The main upscale neighborhoods in the Houston metro area lie between downtown Houston and Katy, in the corridor south of I-10 and north of Westheimer/FM1093. Houston residents know what I am talking about. That narrow 30 mile x 8 mile corridor contains the trendy new “lofts” near downtown, expensive new condo towers in the Galleria area, River Oaks, Memorial, the Villages and Cinco Ranch. . . .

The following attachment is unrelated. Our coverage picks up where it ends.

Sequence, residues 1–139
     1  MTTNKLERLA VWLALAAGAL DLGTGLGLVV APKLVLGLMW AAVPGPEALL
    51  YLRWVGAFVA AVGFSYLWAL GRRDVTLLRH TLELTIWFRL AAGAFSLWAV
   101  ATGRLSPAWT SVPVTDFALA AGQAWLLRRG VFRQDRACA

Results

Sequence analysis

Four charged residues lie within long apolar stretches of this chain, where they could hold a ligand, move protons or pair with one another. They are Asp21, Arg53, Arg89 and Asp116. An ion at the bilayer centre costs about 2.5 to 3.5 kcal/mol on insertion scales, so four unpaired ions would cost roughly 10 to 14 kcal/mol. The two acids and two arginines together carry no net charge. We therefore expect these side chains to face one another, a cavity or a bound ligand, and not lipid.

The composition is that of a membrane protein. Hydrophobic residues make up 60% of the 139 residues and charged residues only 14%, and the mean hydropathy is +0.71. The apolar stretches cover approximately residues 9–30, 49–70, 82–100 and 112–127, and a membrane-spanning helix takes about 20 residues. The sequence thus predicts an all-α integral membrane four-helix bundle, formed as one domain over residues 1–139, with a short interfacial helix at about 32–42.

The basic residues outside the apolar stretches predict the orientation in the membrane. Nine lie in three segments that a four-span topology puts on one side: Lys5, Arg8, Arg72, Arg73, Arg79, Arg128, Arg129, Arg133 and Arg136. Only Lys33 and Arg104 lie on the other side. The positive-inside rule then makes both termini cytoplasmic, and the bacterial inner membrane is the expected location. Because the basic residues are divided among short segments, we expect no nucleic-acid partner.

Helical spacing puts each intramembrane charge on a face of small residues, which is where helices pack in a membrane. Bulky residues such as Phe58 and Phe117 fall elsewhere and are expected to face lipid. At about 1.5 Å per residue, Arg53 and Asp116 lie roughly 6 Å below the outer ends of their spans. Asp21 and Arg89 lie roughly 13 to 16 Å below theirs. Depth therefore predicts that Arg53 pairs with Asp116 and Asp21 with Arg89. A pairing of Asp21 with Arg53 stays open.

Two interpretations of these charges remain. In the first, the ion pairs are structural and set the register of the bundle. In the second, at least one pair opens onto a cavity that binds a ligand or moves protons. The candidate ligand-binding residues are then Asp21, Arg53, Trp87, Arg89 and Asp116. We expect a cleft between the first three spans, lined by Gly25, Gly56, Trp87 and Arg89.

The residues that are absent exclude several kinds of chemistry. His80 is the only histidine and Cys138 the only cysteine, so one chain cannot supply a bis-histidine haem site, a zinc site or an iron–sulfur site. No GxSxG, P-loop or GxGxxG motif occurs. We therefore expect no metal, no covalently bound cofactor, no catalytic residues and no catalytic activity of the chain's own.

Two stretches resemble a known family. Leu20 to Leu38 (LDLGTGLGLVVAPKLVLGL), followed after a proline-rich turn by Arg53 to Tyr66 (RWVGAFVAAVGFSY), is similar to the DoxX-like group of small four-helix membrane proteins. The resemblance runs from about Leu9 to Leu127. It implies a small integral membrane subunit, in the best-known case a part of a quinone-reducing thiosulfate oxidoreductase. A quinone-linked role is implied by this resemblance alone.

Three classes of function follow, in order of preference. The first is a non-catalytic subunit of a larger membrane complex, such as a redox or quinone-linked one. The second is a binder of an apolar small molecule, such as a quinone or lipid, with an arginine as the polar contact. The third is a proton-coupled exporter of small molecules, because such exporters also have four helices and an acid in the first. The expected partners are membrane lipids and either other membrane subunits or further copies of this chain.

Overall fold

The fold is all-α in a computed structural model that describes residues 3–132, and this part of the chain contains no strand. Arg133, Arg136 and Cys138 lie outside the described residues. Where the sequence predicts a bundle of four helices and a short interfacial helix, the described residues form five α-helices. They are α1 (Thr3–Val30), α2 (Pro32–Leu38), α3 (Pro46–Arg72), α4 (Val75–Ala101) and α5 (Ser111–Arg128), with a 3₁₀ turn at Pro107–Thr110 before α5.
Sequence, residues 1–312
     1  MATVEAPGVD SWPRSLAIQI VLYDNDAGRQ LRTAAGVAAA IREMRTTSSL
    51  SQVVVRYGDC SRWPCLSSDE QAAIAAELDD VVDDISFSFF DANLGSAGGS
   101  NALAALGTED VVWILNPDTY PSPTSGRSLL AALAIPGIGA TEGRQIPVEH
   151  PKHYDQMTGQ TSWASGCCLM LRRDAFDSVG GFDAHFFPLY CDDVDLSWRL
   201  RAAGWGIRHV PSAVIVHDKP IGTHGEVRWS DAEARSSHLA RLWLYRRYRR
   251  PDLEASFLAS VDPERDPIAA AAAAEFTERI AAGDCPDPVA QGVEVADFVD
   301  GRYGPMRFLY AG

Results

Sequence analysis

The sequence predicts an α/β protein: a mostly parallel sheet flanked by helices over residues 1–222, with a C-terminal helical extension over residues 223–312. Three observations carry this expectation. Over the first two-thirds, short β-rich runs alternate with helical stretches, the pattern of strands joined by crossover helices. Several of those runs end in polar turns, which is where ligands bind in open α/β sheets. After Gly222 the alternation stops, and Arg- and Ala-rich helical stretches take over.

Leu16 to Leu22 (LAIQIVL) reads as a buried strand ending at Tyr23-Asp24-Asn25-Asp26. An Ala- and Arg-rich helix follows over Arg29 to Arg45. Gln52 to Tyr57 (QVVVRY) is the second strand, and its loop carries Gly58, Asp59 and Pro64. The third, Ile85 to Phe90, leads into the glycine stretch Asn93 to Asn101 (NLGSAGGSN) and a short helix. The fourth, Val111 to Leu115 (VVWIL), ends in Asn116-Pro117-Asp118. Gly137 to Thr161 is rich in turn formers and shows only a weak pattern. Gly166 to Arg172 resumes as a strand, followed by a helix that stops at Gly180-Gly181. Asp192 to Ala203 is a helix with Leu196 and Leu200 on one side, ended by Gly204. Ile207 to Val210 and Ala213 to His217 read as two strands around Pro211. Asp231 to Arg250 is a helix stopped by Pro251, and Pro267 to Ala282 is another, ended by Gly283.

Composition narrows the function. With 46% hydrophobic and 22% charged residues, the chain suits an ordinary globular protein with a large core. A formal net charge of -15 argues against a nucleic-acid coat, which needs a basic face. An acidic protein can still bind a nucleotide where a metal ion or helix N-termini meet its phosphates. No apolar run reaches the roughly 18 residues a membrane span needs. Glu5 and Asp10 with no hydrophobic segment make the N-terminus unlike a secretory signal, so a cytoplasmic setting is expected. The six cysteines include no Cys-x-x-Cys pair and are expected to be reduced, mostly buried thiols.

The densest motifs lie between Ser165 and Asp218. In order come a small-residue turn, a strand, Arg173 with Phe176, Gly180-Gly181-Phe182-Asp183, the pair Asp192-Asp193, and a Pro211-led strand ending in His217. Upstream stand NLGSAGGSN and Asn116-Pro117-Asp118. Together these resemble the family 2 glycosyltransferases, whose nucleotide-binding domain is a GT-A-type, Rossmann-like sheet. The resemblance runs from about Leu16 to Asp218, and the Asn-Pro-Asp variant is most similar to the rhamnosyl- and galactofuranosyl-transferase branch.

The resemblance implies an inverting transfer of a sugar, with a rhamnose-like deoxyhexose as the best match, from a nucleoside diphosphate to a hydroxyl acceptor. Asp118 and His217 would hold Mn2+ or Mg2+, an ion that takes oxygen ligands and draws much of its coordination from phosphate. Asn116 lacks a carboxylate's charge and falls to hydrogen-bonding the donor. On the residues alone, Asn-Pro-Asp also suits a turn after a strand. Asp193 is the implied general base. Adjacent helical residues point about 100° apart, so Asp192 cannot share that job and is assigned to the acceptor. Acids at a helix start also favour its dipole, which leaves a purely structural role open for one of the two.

Me? I live north of I-10, the crappy side. It was a nice quiet place when we moved out here in 1995. It’s still an OK place, no real problems. But property values have been flat since 2000. The houses on this side of the freeway are between $100k-$150k. Here’s the thing: Long-time readers here have seen my videos and have seen the inventory and foreclosures from my bike tours. The new houses in these videos [both featured in this Swamplot post from last fall] have all been sold, and this is AFTER the shady lending was stopped. I did a video update three weeks ago [above] and didn’t post it on YouTube because there’s almost nothing on the market! In my subdivision of 900 houses there are two houses for sale and one foreclosure. That’s it.